It has come to light recently that there is a mysterious dark energy that has been fueling the expansion of the universe. Scientists have no idea where it comes from, what it is, how it works or its purpose. This dark energy is growing, speeding up the universal expansion, to what end, no one knows. Whidbey Watershed Stewards does know its purpose and where we are going. We also know where support for our expansion will come from — You. That’s where it has always come from for the past 20 years. We have grown a lot over the years and still have dreams, lots of goals and most importantly a vision of leaving the next generation with a healthier Salish Sea. It’s important to keep the momentum going, continue these important programs that support education, restoration and research and ultimately our fragile, threatened environment. We love and appreciate having you on our team,

Rick Baker
Executive Director

* STEM (Science, Technology, Engineering, Math)

Highlights – Research, Outreach and Restoration

Research, Outreach and Restoration 

  • Smith and Minor Island Aquatic Reserve:
    As of January 2014 we are shifting our efforts away from the forage fish survey and going to concentrate on a research/outreach program centered around the kelp harvesting within the Reserve. Our Citizen Committee will be meeting in the next few months to create the program. Let us know if your interested, we are looking for more volunteers. Stay tuned as we protect our Aquatic resources!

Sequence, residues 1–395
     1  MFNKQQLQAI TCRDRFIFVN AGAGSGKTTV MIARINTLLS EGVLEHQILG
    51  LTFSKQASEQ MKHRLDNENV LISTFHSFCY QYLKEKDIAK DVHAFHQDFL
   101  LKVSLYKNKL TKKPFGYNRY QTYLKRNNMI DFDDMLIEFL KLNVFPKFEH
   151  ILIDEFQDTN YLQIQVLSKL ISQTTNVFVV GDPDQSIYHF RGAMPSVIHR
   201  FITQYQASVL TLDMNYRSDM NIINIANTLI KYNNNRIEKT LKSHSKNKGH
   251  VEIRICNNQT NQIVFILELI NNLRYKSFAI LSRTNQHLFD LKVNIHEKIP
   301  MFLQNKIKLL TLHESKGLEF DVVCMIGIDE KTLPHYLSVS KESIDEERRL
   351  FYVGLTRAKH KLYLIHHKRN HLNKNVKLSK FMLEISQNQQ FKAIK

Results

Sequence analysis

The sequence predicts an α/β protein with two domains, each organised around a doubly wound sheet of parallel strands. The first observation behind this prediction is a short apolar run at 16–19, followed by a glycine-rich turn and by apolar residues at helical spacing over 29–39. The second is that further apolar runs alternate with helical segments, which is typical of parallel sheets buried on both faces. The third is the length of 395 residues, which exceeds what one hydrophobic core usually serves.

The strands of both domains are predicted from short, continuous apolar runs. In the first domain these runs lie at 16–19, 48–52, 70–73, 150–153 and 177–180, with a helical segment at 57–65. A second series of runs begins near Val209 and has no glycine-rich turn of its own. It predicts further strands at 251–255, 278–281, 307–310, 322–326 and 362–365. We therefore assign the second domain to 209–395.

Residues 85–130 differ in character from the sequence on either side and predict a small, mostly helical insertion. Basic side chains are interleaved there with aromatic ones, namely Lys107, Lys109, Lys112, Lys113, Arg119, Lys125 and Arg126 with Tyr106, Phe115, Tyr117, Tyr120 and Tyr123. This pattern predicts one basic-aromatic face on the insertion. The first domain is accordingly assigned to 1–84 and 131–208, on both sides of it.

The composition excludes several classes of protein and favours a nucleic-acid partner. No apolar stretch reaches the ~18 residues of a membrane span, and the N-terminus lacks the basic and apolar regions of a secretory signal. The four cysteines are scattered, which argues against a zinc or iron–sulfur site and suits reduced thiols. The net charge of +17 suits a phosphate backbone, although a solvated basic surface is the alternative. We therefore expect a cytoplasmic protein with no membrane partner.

• Help for Whidbey Shorelines:
    WWS continues to work with ECO-Net, a collaborative of like-minded organizations a group supported by the Puget Sound Parternship to encourage participation in efforts to save Puget Sound to develop and deliver programs that inform the public about WI shorelines. This winter we are building relationships, building awareness with the community through events and by giving presentations. If you would like a presentation at your month meeting or event about ECO-Net please let us know. Also making plans for next spring — Earth Ocean Month. Let us know if you want to participate!
  • Maxwelton Water Quality:
    WWS is continuing to work with Island County on an educational outreach program to improve water quality in the Maxwelton Watershed. Our objective is to open the shellfish beds once again in Useless Bay.
  • Restoring Wetlands:
    Private stewardship properties:
    Dalzell Wetland Restoration – Installed habitat log piles and perch poles, removed drainage tiles to restore wetland hydrology, and planted over 2,000 plants. This winter we install 4,000 more plants! Join us!
  • Assessing salmon viability:
    WWS is continuing the spawning survey and smolt counts in Maxwelton Creek.
  • Technical Advisory Support:
    We supported development of the Shoreline Master Plan, Fish and Wildlife Critical Areas update and the Salmon Recovery Program. There is a lot of hard work behind the restoration and protection of our community resources.

Freeland Wetland April 5 9am-12noon

Come help us get our newest South Whidbey Park ready for the public! We are working with Friends of Freeland, and hosting an Earth and Ocean Day event at the wetland, followed by the annual Peace Picture taking at Bayview.